LOS ANGELES - Dr. Rochelle Walensky, director of the U.S. Centers for Disease Control and Prevention, said the next two months are critical for the nation to prevent a possible next wave of COVID-19.
"There is so much that's critical riding on the next two months," Walensky said, speaking at a National League of Cities virtual conference on Monday. "How quickly we will vaccinate versus whether we will have another surge really relies on what happens in March and April."
Walensky’s concern comes as the White House announced it will make an additional 900,000 doses of Pfizer and Moderna vaccines available to states and pharmacy partners this week.
White House press secretary Jen Psaki announced that states and territories will receive 15.8 million doses of the two-shot vaccines, up from 15.2 million last week. Another 2.7 million doses will be distributed through the federal pharmacy program this week.
Last week, President Joe Biden directed the pharmacy program to prioritize teachers and childcare workers. Psaki said the U.S. is now delivering an average of 2.17 million doses per day.
Biden has made vaccinating most of the country as soon as possible a priority in his administration.
Some lawmakers and health experts have urged that the U.S. needs to temporarily shift to a single-dose regimen for all COVID-19 vaccines so that doses are made more easily available to the general public.
Acting Health and Human Services Secretary Norris Cochran along with seven physician members of Congress wrote in a March 2 letter urging the department to "consider issuing a revised emergency use authorization as soon as possible" that might lead to single-dose use of the Pfizer and Moderna vaccines."
Citing various challenges in distributing COVID-19 vaccines to Americans, lawmakers say that some evidence supports the fact that the first dose of the Pfizer and Moderna vaccine appears to offer enough protection against the virus.
"Recent and re-examined data has demonstrated that both the Pfizer-BioNTech and Moderna COVID19 mRNA vaccines appear highly effective after only one dose to critical clinical endpoints, including transmission, hospitalization, severe disease, and mortality, relative to the two-dose regime currently authorized," the letter reads.
"As you know, vaccine distribution and administration has been met with challenges across the country," the letter continues. "Evaluating all available clinical data now would allow states to more widely administer a single dose of both the Pfizer-BioNTech and Moderna mRNA vaccines until all vulnerable and essential populations are inoculated, and more vaccine doses become available."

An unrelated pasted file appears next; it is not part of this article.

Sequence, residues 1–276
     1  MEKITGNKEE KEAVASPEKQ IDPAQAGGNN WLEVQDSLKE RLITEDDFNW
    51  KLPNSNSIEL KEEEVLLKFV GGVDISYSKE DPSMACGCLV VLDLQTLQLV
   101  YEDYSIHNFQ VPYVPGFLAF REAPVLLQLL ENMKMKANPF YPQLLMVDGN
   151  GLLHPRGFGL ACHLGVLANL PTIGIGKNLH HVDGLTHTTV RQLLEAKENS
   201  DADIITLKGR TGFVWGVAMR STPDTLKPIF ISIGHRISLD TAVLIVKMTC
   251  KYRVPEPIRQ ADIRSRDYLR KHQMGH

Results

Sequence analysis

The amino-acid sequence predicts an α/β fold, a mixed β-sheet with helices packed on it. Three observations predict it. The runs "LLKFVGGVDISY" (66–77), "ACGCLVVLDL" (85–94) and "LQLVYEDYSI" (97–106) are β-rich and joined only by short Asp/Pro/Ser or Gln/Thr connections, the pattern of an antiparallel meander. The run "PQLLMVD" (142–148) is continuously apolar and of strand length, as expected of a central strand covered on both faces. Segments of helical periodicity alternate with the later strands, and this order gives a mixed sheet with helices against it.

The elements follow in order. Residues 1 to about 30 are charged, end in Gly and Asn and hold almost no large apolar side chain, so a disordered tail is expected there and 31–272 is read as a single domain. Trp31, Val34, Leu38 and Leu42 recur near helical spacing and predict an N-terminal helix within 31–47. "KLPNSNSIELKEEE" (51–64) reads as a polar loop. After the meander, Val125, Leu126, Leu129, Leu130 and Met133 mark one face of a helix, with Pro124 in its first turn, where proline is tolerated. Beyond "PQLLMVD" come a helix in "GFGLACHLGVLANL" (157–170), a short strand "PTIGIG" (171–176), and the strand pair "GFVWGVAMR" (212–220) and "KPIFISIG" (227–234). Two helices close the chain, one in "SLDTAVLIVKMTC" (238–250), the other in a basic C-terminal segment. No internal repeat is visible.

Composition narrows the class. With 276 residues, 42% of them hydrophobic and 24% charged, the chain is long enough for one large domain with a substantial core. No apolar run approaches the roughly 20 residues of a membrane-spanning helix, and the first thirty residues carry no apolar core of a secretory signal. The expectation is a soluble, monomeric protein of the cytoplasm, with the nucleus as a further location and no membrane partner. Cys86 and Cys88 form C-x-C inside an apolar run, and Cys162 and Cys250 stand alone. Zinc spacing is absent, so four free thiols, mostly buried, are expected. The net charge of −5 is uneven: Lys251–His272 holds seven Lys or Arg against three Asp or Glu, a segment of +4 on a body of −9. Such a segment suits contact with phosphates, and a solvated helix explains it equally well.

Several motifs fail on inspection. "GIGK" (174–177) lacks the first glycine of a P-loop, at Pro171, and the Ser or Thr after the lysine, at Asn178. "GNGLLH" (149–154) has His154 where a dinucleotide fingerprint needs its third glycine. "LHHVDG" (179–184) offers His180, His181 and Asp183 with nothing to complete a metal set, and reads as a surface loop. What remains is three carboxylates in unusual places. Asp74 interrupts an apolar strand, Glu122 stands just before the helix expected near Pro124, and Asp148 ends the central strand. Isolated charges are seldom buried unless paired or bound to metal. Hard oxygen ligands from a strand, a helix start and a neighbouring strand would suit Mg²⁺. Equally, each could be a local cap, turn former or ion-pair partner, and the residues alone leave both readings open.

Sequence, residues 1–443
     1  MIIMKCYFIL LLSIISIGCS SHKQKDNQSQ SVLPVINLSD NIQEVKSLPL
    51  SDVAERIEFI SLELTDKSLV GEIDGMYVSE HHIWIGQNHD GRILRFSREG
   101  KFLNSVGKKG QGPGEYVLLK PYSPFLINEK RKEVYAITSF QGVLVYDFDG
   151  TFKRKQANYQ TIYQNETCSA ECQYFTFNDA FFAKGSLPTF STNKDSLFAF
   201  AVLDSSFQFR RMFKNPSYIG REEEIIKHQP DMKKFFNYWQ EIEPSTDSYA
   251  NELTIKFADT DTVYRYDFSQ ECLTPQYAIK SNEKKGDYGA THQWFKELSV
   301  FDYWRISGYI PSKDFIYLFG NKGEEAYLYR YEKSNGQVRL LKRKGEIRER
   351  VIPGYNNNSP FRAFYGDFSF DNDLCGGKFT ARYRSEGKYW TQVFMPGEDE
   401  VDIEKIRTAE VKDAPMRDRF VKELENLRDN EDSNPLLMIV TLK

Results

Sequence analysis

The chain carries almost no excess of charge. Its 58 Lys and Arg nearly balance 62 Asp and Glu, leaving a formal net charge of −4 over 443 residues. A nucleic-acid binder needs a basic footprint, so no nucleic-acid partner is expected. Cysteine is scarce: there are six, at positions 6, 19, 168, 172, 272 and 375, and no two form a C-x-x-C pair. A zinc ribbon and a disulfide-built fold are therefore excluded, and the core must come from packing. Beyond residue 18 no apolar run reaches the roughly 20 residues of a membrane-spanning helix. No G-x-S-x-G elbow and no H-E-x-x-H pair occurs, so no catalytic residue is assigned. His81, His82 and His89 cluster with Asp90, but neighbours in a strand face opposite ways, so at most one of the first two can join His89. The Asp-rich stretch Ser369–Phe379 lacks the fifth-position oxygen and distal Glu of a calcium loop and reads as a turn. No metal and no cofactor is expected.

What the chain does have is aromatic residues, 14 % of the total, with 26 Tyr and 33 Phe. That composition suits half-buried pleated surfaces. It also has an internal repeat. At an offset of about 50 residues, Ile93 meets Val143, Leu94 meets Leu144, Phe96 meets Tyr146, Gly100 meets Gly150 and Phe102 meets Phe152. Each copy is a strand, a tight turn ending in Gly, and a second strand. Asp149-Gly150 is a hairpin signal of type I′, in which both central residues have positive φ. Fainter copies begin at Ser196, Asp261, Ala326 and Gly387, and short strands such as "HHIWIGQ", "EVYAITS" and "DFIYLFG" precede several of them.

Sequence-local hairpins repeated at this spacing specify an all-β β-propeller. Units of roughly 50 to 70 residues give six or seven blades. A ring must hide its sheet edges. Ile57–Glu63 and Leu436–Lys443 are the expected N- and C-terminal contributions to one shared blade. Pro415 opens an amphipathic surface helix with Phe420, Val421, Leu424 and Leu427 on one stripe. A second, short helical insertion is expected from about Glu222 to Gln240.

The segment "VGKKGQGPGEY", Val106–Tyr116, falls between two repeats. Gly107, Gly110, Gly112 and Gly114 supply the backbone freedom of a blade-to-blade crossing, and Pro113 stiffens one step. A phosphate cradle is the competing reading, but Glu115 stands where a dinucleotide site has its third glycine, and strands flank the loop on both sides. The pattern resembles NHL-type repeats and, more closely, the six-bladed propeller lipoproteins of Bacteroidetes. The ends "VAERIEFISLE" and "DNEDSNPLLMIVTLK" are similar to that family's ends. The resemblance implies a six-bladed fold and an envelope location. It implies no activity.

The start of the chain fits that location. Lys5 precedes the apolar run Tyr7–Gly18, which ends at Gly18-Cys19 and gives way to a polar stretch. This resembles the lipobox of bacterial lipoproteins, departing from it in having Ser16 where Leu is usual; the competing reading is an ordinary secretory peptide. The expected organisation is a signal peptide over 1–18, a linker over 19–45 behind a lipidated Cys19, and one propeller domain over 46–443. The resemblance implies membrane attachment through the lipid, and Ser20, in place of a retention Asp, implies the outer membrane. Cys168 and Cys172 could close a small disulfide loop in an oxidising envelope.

More than 60 million people, or 18.1% of the U.S. population, have received at least one dose of a coronavirus vaccine, according to the CDC. Some 31.2 million people have completed their vaccination with two doses, or 9.4% of the population.
According to data from Johns Hopkins University, the seven-day rolling average for daily new cases in the U.S. decreased over the past two weeks, going from 66,162.4 on Feb. 21 to 57,971.5 on Sunday.
The race to vaccinate the majority of Americans comes as medical experts continue to sound the alarm on the possibility of a coming COVID-19 surge involving one of the many viral mutations that have been identified across the globe.
A more contagious and possibly more deadly variant that was first identified in Britain has been found in at least 42 states. Other variants first detected in South Africa and Brazil have been reported across the U.S. in low numbers. The South Africa mutation is especially worrisome because of evidence it may diminish the effectiveness of the vaccines.
With some U.S. states, like Texas, dropping mandates to stop the spread of COVID-19 as more and more residents get vaccinated, medical experts are warning that these reopenings are premature and could lead to another deadly surge.
Scientists widely agree that the U.S. simply doesn’t have enough of a handle on the variants to roll back public health measures and is at risk of fumbling yet another phase of the pandemic after letting the virus rage through the country over the last year and kill nearly 500,000 people.
"Now is not the time to fully open up," said Karthik Gangavarapu, a researcher at Scripps Research Institute whose team works closely with San Diego health officials to watch for mutant versions of the coronavirus. "We need to still be vigilant."
The problem, as experts see it, is that the U.S. has been slow to ramp up a rigorous genetic surveillance system for tracking the variants’ spread and measuring how much of a foothold they have gained here.
"The fact of the matter is we’re kind of in the dark," said Dr. Diane Griffin, who studies infectious diseases at Johns Hopkins. She said the variants are "probably widespread even if we don’t know it."
"We’re chasing a moving target. It’s changing a little too fast for comfort," said Dr. Lucio Miele a geneticist at LSU Health Sciences in New Orleans. "We need to be proactive. We’re not invulnerable."
Detecting variants and knowing where and how widely they are spreading could be critical to preventing another deadly wave of COVID-19 like the one that overwhelmed hospitals this winter.
The Associated Press contributed to this story.